Inalum Sells $4b in Bonds to Fund Freeport Purchase

The Ministry of Environment and Forestry aims to resolve within two weeks environmental issues that have been holding up the government's plans to acquire a majority stake in Freeport McMoRan's Grasberg copper mine in Papua. (Antara Photo/M. Agung Rajasa)

By : Julia Fioretti | on 3:59 PM November 09, 2018
Category : Business, Corporate News

Hong Kong. State-owned mining holding company Indonesia Asahan Aluminium, better known as Inalum, sold bonds worth $4 billion in its first-ever US dollar bond deal on Thursday to fund the acquisition of a majority stake in the Grasberg copper mine in Papua.

The deal came amid choppy global markets, rocked by trade concerns and slowing economic growth in Asia – including Indonesia – that have made it hard for emerging market borrowers to attract investor interest.

The coupon on the bonds was lower than the initial guidance.

Inalum sold a tranche of three-year bonds at a yield of 5.230 percent, five-year bonds at 5.710 percent, 10-year bonds at 6.530 percent and 30-year bonds at 6.757 percent, according to a copy of the term sheet for the sale reviewed by Reuters.

That compared with initial guidance ranging from 5.875 percent to 8 percent.

Inalum sold $1 billion in three-year and 10-year bonds each, $1.25 billion in the five-year bonds and $750 million in the 30-year paper, according to the term sheet.

The bonds were sold slightly below face value.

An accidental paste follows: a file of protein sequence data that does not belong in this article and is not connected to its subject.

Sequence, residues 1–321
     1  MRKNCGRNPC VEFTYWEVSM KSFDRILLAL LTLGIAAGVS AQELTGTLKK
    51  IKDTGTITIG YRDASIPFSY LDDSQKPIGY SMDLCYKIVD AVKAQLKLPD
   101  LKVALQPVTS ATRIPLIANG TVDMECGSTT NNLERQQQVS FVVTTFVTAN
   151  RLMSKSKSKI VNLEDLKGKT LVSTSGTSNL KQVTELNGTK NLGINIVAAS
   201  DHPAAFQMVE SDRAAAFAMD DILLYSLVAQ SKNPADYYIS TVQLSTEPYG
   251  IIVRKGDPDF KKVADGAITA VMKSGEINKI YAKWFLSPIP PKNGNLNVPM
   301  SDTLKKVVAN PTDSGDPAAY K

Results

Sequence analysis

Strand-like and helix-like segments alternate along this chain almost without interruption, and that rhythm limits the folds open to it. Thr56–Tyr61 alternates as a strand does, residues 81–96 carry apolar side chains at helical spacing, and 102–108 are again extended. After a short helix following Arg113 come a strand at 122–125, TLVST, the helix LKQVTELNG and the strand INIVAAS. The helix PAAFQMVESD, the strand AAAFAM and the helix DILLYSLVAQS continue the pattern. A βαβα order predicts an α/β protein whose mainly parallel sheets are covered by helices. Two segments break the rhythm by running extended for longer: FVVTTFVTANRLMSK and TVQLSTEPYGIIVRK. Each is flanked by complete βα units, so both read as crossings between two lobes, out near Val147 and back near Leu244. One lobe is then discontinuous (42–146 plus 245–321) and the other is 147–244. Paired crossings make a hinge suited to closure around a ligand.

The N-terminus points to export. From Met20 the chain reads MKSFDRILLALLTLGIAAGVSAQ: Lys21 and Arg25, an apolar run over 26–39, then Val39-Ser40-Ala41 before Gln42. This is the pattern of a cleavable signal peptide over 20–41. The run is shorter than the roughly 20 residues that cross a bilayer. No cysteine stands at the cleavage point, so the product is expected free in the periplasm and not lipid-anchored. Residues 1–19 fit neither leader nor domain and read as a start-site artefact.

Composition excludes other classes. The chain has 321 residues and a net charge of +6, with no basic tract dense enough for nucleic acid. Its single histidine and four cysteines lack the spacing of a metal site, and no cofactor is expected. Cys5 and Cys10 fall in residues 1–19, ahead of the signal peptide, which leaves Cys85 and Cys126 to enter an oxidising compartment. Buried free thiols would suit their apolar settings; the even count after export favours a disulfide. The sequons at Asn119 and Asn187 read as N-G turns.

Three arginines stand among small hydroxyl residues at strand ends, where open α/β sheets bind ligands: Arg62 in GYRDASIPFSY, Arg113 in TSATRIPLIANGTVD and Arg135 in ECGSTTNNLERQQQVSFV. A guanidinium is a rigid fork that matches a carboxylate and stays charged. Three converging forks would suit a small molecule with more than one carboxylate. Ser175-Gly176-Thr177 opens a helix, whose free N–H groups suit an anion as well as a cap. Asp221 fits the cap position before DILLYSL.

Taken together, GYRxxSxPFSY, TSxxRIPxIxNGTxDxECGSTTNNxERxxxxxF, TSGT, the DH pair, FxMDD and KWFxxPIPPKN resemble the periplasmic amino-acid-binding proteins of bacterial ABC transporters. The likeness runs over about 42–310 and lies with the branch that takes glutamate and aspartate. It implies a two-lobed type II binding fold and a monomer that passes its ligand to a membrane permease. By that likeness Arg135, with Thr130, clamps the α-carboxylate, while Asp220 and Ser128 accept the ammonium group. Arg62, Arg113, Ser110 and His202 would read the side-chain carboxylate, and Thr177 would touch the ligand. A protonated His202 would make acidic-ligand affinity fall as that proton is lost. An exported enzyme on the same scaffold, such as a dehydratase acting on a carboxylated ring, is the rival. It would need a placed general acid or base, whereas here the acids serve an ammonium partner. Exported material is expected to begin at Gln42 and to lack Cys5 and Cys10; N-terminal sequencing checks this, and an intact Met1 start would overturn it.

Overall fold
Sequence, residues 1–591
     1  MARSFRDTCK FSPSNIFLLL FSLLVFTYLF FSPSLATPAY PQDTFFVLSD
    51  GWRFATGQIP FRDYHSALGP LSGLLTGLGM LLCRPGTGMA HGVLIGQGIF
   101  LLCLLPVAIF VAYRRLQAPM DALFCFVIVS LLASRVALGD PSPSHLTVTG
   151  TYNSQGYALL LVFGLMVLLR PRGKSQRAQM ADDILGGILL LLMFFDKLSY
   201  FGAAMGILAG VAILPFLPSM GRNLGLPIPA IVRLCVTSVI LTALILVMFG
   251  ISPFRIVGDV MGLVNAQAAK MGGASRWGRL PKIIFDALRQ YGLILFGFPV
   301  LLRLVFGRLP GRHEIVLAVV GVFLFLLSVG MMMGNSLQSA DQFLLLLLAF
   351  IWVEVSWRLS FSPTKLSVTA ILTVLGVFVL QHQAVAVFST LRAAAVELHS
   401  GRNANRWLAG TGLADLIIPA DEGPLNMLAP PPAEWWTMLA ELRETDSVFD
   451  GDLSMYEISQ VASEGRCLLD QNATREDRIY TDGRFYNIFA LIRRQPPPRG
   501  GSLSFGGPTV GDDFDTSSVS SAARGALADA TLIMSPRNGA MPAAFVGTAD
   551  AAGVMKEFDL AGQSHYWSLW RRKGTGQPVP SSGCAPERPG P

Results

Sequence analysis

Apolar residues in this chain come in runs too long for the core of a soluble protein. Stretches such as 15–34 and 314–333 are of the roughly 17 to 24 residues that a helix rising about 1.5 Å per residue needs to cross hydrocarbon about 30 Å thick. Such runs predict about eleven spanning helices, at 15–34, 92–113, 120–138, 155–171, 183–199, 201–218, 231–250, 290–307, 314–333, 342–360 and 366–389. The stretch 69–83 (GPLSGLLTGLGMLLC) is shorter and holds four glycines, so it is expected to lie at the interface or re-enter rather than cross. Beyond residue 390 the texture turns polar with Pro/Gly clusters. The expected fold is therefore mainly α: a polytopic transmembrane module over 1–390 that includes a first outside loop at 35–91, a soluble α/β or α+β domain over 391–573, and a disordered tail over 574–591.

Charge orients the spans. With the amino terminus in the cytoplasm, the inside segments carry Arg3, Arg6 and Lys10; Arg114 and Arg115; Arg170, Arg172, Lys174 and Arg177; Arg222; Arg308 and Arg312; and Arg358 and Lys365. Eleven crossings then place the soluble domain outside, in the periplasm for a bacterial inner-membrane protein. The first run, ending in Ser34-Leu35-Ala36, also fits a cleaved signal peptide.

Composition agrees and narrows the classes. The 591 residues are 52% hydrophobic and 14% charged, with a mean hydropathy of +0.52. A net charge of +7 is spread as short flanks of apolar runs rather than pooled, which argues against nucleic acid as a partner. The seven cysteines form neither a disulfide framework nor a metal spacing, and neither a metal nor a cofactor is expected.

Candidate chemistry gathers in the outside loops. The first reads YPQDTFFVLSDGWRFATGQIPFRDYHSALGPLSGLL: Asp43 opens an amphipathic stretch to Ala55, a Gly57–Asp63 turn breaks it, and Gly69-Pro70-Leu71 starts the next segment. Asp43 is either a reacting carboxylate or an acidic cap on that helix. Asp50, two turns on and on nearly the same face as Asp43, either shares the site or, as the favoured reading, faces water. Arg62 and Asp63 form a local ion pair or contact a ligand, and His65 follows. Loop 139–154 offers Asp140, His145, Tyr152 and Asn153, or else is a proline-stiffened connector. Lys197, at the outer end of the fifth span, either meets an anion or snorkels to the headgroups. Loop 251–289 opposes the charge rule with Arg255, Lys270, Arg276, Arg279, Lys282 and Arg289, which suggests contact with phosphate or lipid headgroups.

Inalum will use the funds to buy shares in US mining giant Freeport-McMoRan's Indonesian unit, which owns the mine.

Freeport agreed in July to sell its stake to the government for $3.85 billion, ending a long-running dispute with Indonesia, which is seeking to gain greater control over its mineral wealth.

The sale occurs during a period of market turmoil which has seen Asian issuers hit particularly hard as rising US interest rates have pushed up borrowing costs.

The sale drew over $20 billion in investor orders, most of them from the United States.

Asset managers and fund managers represented the bulk of investors, making up 78 percent to 86 percent of buyers.

The bonds are expected to be rated BAA2 by Moody's and BBB- by Fitch.

There is some uncertainty around the Grasberg deal as the government said it is binding while Freeport and Rio Tinto said it is non-binding.

The bond deal includes a clause that says the bonds will be redeemed at 101 percent of face value if the acquisition is not completed by June 30 next year.

BNP Paribas, Citigroup and Mitsubishi UFJ Financial Group were the joint global coordinators for the deal.

Reuters

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